I was fortunate enough to be able to participate for a few hours this past week in a collage party at the Justina M. Barnicke Gallery at the University of Toronto (March 9 – 12, 2008).
The primary thing about this collage party is that it comes from a good place, a giving, non-judgmental place.
There’s the generosity of the gallery, which allows itself to be taken over and transformed into a working, instead of spectator, space, which pays the artist to set it all up, and provides some supplies and advertising. There’s trust between the gallery director/curator (in this case, Barbara Fischer) and the artist (Paul Butler who has staged over 30 of these events) allowing him to invite whomever he chooses to participate, and between Paul and the artists he invites, that the time they spend working there will be pleasant, colleaguial, respectful, and, when the doors were opened on the weekend to the public, between the gallery, the artist and the public, that this was a truly open event where anyone can join in, make stuff and put it up on the walls along with everyone else’s. All of this is, as we used to make fun of Martha Stewart for saying, “a good thing.”
The work produced during a collage party canvasses the best of 20th C art and moves into the 21st.
The amount of work produced during a collage party and its overall quality is overwhelming. A entire museum collection could be assembled by a prudent eye in less than a hour and for less than a thousand dollars, quite possibly for free as nobody, including the invited artists involved, is overly concerned about value, market, etc. The fact that this does not happen… nobody really notices or cares about art history here, let alone museum collections… reflects a larger trend I think, toward a new era in which art will be accessible and popular in ways we (at least those of us born before 1970) can hardly even imagine. Pic: Micah Lexier’s “black things” at Toronto collage party..
Walking into a collage party is like walking into a book.
There are works of art everywhere, unfolding in time as you move through the space, not unlike turning the pages of a book. You flip fluidly between modernist and post-modernist modes, where modernism is about combining fragments into a new kind of coherent totality equal to “the modern experience,” and post-modernism admits to the impossibility of creating an adequate simulacrum (or, arguably, resists the authority embedded in both the notion and the effort). [ ref ]
But in some ways the event itself supersedes the art. It comes, as I said, from a good place of trust, faith, openness. It’s naive and charming, not terribly self-conscious and optimistic. It’s a social space as well as a work space. It’s indeterminate, depending entirely (if not altogether unpredictably) on whether anyone shows up and does anything. The collage party event is a form of social practice, not unlike Harrel Fletcher’s work. It’s more Darren O’Donnell than Royal Art Lodge.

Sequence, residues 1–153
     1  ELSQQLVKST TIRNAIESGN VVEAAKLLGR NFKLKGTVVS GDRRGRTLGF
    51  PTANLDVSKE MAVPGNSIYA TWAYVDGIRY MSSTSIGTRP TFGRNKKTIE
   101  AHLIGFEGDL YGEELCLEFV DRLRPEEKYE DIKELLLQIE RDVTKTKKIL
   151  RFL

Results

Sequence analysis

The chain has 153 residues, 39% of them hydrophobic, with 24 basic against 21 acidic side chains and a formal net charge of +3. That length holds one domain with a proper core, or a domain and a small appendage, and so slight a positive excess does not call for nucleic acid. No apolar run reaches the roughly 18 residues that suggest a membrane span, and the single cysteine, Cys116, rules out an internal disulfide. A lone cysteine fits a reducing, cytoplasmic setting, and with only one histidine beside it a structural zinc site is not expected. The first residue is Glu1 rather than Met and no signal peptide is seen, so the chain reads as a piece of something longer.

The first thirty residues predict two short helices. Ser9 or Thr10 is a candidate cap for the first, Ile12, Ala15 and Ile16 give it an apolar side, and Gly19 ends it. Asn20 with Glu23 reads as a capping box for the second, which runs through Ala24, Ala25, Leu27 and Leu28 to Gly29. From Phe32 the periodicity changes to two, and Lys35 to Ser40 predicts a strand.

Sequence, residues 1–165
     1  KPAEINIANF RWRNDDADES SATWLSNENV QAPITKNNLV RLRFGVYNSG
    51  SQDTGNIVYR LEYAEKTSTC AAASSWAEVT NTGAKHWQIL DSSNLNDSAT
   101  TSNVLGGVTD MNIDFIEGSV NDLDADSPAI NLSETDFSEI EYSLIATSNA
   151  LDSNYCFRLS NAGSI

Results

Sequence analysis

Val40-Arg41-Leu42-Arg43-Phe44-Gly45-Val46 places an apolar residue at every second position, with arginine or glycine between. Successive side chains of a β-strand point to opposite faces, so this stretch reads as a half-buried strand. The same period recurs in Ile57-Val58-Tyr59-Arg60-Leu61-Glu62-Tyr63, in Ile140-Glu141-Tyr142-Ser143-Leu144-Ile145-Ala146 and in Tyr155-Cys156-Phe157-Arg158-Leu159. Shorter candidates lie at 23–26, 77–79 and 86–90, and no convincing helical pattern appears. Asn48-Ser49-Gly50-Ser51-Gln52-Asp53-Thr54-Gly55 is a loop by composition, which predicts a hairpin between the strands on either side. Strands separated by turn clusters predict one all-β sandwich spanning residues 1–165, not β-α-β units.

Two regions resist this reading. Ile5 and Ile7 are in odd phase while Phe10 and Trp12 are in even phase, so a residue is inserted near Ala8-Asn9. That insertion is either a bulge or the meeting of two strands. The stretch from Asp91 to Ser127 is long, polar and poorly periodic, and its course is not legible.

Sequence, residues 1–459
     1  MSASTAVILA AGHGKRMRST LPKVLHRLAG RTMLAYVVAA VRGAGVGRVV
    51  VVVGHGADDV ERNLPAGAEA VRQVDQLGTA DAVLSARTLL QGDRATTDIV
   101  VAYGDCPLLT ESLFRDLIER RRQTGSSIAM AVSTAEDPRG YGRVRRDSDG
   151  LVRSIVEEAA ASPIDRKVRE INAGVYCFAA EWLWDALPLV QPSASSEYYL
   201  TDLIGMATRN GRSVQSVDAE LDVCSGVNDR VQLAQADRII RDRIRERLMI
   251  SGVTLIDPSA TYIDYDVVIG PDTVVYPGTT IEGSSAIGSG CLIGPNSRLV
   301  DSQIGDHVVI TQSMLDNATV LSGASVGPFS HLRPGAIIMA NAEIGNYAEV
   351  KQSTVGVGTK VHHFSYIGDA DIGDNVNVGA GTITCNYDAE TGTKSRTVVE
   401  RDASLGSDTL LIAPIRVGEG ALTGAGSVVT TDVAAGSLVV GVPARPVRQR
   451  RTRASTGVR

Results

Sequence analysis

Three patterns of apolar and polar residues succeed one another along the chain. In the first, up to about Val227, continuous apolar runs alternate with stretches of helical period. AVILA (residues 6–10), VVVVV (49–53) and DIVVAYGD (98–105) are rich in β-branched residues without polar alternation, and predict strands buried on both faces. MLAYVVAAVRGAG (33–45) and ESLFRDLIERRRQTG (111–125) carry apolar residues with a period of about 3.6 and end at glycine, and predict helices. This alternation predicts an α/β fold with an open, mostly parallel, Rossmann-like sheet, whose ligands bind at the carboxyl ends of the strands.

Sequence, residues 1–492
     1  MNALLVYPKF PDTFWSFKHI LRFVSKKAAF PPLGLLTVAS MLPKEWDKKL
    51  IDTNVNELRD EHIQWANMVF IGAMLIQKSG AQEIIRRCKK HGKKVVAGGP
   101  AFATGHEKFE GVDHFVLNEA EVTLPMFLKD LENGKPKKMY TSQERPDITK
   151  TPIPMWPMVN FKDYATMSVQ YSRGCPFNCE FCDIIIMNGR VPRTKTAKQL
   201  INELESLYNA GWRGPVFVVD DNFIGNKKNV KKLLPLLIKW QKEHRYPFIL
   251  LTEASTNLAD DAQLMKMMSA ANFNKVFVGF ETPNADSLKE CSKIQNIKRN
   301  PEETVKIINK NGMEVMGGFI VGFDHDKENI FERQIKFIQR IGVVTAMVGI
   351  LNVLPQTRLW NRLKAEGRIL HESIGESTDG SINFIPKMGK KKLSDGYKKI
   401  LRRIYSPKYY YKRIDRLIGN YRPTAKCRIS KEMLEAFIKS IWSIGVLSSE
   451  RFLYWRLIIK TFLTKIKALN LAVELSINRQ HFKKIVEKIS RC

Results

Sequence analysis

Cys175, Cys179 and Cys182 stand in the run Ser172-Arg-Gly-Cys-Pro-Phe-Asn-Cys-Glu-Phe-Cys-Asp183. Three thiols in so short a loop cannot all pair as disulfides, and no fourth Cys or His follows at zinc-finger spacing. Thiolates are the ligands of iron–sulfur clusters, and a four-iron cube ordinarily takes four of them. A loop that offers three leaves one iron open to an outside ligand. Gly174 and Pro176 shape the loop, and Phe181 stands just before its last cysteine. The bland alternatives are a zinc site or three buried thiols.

Collage is uniquely accessible among art media because pretty well everybody understand it whether they know anything about art or not. They know where the stuff (imagery, materials) comes from, how to put disparate things/images together and how juxtaposed images are to be read. People just “know” this. The conversion of the gallery into a working space with paper covered tables and scissors, paste, etc. available, and no inhibitions on littering the floors further robs the space, and the work being done/displayed, of formality and pretense. Pic: Zin Taylor’s eyeglasses at Toronto collage party.
I’ve spoken with Paul a couple of times now about the collage party and he said a couple of other things that seem important to mention.
Paul says a collage party is like art school, a group of people working away, side by side. It’s social, but not. You chat or you work on your own or sometimes you collaborate. There are no rules, no rights, no wrongs. It’s just time to create in a studio setting. That is a very hard thing to recreate outside of art school. Most artists will attest to that. Some are able to establish a studio practice outside of art school, working alone, making connections, etc. But many, most, have trouble with those things. For them (us I should say because I’d consider myself one of them) there should be a permanent situation of ‘art school’, a supportive, paid-for, critical environment. Pic: Paul Butler’s ‘Everybody” at the Toronto collage party.
Paul says he does collage parties so he can get his work done. He feels the same things I’d wager all the artists who participated felt before they arrived, anxiety, competitiveness, wariness, and during and after the event, shyness, apprehension, envy at all the incredible work other’s are producing, but then the event happens and the trust experience makes it possible to work, to play, to be an artist and not be Van Gogh lonely, and for that we are truly grateful.
Collage parties involve trust. Paul invited me and I went and I had a good experience, a great experience in fact. The collage party is honest work, not “work” as in “art work” because the event itself belongs in some in-between space of social practice, like Fletcher or O’Donnell, it is no longer “art” as we knew it, it is “art” in a new, broader way, familiar, engaged, interactive, cultural. Pic: My own “You are what you see” with John Bowley’s “Can you figure this out?” collage puzzle in the background at the Toronto collage party .
Now there’s an art catalogue about Collage Party, launched at Printed Matter in NY, announced on Hustler of Culture, introductory essay by Wayne Baerwaldt, co-published by Illingworth Kerr Gallery & Museum of Contemporary Canadian Art.
You can buy it from Printed Matter.